Engineering was a natural career choice for Stephanie: Lego bricks were her childhood toys, she loved math, and both her father and grandfather were engineers. She had considered a career in the biomedical sector before graduating as a chemical engineer from the University of Calgary before a summer job in the oil and gas industry opened up a new world of possibilities.
“I realized that energy companies aren’t this all-evil thing that I kind of pictured them to be. But I saw the innovation and the growth; they had all these new technologies to reduce emissions and save on energy. So, right away, I started falling in love with the idea of how you can actually build a technology from the inside and make something better rather than fighting from the outside.”
Her course and goals were set – to work within the industry with a focus on sustainability, attain her professional engineering license, and be a role model and advocate for women in strong technical roles.
During the first years of her career in Canada, she worked upstream, downstream and at production sites as a field engineer – a very hands-on role with long days in remote locations for weeks on end. This afforded her the opportunity to witness first-hand that there was room for improvement in the industry, and her next role was in the innovation department where she could work on brand new technologies to reduce emissions.
This first experience came to an end when Stephanie fell victim to the crash in the sector and was laid off. But it did nothing to dampen her enthusiasm and dreams to bring about change from the inside, reinforced by her next role at a traditional oil and gas company. In the meantime, she gained her professional licence and was ready and equipped to make that all important move into renewables with a small company specialized in membrane technology for the biofuels industry.
“That was the dream come true. I finally had made it into renewable fuels. I felt like my career was now finally in the place I wanted to be.”
But it was also a time for reflection and coming to the realization that engineering work in an office was not enough, she wanted to make a difference and to do that by working with people. A career pivot was on the horizon – as well as an MBA at IMD. Stephanie applied to the MBA through the Women Leaders Assessment challenge and was awarded a Merit scholarship.
“This was the exact program I wanted because it had a small cohort, a focus on sustainability combined with all the business side, strategy, leadership…”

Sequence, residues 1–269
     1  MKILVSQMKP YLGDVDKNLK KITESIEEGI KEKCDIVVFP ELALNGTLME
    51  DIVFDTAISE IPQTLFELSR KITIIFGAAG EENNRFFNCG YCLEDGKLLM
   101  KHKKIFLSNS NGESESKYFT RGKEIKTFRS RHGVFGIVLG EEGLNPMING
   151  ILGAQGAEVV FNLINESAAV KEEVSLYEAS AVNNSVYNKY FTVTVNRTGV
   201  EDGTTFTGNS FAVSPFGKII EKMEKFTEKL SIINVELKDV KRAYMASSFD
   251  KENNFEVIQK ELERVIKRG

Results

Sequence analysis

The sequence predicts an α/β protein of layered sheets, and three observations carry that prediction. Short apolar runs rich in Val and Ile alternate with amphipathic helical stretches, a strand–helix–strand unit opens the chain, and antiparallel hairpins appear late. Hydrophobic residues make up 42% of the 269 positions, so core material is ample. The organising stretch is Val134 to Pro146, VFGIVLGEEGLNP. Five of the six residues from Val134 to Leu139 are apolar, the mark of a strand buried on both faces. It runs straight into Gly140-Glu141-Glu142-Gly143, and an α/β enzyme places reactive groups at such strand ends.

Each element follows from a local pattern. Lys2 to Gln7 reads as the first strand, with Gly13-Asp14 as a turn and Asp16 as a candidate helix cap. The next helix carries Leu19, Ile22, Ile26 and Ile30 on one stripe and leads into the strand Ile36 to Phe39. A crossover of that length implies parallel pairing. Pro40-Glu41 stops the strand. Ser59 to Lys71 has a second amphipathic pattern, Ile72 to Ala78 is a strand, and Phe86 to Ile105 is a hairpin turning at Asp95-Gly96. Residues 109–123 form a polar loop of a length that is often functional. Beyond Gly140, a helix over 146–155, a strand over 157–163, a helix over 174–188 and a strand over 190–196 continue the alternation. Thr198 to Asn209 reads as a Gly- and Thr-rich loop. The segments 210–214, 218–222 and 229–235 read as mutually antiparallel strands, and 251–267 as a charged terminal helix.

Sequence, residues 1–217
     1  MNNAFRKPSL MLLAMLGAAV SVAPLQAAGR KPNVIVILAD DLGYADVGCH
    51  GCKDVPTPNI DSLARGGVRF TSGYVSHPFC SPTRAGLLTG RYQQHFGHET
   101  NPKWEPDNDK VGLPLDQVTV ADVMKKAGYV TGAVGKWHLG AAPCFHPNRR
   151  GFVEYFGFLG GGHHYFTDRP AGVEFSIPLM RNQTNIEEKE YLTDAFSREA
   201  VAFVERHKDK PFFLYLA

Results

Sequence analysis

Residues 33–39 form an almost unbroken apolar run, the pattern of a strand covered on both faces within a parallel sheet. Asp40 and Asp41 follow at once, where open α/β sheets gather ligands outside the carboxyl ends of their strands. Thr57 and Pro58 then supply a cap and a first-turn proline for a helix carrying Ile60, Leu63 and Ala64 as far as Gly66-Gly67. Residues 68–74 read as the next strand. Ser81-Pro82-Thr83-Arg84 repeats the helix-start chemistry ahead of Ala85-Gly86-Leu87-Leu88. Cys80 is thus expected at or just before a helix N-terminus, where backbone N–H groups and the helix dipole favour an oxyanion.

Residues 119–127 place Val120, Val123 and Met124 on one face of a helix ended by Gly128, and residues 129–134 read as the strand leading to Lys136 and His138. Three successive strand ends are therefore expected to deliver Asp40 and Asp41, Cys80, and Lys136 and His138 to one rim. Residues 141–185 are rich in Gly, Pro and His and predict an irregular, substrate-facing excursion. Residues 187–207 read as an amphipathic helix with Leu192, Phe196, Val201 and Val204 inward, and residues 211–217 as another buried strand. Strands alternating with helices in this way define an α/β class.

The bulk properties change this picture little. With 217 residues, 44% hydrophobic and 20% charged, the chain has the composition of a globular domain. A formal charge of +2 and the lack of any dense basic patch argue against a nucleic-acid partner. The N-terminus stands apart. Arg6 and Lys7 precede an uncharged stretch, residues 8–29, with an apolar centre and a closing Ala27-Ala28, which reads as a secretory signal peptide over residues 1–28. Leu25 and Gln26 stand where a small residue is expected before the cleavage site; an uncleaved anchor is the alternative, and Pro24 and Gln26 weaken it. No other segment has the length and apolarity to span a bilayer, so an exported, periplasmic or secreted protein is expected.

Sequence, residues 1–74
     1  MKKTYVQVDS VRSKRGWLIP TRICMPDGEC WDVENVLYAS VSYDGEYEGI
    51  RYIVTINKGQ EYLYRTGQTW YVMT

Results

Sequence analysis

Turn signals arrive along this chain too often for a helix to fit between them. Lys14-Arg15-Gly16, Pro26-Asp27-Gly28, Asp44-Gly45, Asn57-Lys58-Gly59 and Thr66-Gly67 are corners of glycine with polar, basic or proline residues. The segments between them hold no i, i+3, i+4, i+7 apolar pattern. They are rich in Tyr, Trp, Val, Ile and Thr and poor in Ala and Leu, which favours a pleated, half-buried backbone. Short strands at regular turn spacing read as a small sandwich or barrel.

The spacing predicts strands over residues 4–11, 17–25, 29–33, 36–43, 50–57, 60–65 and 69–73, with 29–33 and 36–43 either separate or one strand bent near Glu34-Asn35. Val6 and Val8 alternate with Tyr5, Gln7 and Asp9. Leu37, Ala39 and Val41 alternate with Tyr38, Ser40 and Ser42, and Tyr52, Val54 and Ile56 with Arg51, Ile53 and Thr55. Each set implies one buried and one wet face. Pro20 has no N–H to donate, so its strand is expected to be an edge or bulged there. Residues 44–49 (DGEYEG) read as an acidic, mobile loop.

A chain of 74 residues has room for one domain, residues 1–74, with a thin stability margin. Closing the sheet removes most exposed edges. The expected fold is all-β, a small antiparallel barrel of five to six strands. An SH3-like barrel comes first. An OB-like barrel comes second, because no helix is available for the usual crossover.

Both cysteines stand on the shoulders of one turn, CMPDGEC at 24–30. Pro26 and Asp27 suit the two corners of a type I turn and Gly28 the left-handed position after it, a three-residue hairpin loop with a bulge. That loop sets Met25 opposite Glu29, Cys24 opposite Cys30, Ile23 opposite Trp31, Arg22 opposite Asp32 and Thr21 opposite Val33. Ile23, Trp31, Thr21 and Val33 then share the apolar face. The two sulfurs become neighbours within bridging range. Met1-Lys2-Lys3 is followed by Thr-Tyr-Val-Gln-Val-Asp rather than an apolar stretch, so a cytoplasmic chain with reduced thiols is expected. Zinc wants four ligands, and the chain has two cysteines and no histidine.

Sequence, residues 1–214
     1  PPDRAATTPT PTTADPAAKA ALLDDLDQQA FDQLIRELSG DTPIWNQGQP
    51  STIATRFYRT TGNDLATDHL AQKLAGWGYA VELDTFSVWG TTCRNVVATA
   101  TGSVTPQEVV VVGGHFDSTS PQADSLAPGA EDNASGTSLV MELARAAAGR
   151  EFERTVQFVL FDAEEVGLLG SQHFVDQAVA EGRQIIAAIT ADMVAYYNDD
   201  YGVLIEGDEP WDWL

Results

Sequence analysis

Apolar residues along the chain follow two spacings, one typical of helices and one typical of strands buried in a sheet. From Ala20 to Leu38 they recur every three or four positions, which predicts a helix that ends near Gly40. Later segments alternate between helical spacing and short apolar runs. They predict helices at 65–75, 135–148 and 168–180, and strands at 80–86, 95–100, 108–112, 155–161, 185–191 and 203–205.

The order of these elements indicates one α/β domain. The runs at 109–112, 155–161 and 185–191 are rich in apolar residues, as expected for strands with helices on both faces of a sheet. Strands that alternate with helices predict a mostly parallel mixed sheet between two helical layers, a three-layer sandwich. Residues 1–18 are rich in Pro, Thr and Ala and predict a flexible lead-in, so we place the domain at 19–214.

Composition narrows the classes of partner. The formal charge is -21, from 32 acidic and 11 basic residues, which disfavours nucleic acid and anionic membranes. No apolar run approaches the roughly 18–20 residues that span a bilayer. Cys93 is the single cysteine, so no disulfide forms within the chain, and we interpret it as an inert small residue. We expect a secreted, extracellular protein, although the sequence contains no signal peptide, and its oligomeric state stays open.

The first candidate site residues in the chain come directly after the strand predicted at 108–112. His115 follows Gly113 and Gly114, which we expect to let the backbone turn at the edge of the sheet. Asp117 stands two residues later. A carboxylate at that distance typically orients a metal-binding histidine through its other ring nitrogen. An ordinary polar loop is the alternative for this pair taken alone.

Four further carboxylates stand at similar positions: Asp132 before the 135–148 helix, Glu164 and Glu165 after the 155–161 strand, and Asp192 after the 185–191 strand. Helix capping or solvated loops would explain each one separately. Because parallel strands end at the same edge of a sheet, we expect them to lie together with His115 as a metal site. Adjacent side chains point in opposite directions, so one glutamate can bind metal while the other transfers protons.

All the pieces fell into place for this skier (she was a member of the Alberta cross-country Ski Team 2010-2011) who had always dreamed of living in Switzerland, spoke French, and was looking for her next education milestone that would take her a step closer to achieving her career dreams.
She feels that the quality of her instruction, the leadership stream, team dynamics, and cultural diversity coupled with the sustainability elements are very much aligned with her goals.
“There’ve been a lot of ‘aha’ moments, like in terms of the quality of instruction. I felt like I was in a Ted Talk every single day. How passionate the teachers are about the subjects was something I was blown away by.”
She is also learning about herself: she always knew she was assertive but, thanks to a new lens, she is now capable of seeing this as a positive quality, as a communication and collaboration skill that she can tap into.
Stephanie is a passionate role model for young girls as part of Fast and Female, a charity that fosters the lasting involvement of girls in sports. Another of her goals is to encourage more women to take on strong technical roles as a member of Calgary Women in Energy, a non-profit organization dedicated to promoting, supporting, and empowering women in Calgary’s energy sector.
Where does Stephanie’s own future lie?
“How do we get to net zero? I’d like to be involved more in the strategy to reach that goal working with new innovative technologies. So that’s how I’m thinking and why I chose IMD.”